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Mobility Impaired
From the Nov. 14, 2011, issue of NR


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Where to look to encourage more upward relative mobility? Begin with the fact that just 16 percent of those who start at the bottom but graduate from college remain stuck at the bottom, compared with 45 percent of those who fail to get a college degree. There is a legitimate debate about whether pushing academically marginal students into college will give them the same benefits that current college graduates receive, but there are surely financially constrained students who would enroll — or who would stay enrolled — if they could afford to.

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EMP research has also shown that children with divorced parents are less likely to escape the bottom than other children. Just as it is not incontestably established that sending more disadvantaged kids to college would increase upward relative mobility, it is also debatable whether reducing divorce would do so. But reducing the number of unplanned pregnancies would unquestionably reduce the number of children experiencing divorce and other disadvantages. Since it is more common among parents in the bottom than elsewhere, reducing unplanned pregnancy would lower the number of children starting out at the bottom and thereby reduce the number of children stuck there down the road. And it would improve the mobility prospects of many of the adults avoiding pregnancy.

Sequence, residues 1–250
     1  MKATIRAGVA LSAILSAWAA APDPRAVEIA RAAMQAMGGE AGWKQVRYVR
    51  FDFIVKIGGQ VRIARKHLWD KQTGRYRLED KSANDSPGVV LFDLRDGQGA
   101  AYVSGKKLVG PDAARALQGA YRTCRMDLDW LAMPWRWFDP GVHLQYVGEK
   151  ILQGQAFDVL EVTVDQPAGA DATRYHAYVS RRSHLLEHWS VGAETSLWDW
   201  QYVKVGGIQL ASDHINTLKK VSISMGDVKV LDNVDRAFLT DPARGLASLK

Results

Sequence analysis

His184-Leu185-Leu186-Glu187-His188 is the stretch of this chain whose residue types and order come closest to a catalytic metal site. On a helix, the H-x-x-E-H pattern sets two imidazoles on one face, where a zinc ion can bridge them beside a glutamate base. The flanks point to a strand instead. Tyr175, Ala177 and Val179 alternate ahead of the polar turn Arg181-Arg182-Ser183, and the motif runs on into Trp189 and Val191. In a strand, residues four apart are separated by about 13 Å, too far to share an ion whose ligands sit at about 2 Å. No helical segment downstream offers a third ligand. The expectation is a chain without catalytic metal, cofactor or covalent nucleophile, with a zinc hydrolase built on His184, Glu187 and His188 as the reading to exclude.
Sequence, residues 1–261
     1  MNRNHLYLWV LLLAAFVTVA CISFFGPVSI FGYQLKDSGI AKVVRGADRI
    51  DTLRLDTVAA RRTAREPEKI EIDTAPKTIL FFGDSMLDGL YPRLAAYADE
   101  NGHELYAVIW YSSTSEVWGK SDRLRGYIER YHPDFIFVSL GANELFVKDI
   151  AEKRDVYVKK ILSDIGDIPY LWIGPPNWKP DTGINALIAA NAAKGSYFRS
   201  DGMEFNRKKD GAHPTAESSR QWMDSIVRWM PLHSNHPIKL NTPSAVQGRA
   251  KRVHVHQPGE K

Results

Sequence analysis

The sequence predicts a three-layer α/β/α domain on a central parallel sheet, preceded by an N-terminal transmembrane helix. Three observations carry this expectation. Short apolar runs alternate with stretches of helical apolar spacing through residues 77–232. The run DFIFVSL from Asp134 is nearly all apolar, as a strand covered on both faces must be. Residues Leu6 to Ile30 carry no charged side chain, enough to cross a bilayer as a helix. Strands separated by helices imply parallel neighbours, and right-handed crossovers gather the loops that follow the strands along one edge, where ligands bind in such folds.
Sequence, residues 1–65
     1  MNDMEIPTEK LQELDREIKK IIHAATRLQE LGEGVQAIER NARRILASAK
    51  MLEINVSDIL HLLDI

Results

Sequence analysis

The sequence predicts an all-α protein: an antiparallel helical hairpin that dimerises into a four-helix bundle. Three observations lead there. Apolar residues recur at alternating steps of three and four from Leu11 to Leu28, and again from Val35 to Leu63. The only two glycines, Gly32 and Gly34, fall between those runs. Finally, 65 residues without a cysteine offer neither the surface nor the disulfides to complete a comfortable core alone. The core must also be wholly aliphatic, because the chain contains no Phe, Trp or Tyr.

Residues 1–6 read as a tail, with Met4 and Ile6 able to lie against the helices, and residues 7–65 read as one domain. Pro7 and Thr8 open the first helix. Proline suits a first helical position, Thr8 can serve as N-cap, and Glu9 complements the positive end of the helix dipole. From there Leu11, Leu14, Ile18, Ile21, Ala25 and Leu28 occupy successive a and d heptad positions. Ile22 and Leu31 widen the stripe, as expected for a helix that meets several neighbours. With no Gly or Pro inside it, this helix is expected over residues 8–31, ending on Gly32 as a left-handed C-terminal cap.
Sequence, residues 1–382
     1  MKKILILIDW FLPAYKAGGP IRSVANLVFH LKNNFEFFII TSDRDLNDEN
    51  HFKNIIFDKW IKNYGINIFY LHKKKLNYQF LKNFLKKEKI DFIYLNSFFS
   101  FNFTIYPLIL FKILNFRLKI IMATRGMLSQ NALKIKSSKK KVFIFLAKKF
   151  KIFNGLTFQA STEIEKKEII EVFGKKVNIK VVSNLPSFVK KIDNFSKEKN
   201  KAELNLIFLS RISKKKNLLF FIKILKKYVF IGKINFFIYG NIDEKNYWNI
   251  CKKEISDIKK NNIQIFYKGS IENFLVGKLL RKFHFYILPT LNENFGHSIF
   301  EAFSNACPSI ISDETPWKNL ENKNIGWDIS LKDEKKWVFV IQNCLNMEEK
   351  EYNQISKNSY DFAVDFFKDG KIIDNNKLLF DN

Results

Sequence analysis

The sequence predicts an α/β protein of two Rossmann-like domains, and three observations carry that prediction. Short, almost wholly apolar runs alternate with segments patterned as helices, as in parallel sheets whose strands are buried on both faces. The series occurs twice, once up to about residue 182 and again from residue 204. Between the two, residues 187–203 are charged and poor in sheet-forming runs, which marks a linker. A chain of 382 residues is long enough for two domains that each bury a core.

Finally, remaining in the bottom is much more common among black families than white families. While much remains to be learned about why this is so, another EMP report starkly shows that black and white children grow up in entirely different economic worlds. Simply put, two-thirds of black children experience a level of neighborhood poverty growing up that just 6 percent of white children will ever see. That is a national tragedy. It’s certainly hard to see how the kids are to blame.

Broad-based economic growth, international competitiveness, and the ideals composing the American Dream all require that policymakers heed Governor Daniels’s call. Increasing upward absolute mobility — for all, but with a particular focus on those who start out at the bottom — should be the primary goal of policymakers. The first political party that commits itself to putting upward mobility first and that credibly takes on the challenge will be ascendant.

Scott Winship is a fellow at the Brookings Institution and was formerly the research manager of the Pew Economic Mobility Project. The Hertog/Simon Fund for Policy Analysis provided funding for this article, which originally appeared in the November 14, 2011 issue of National Review.



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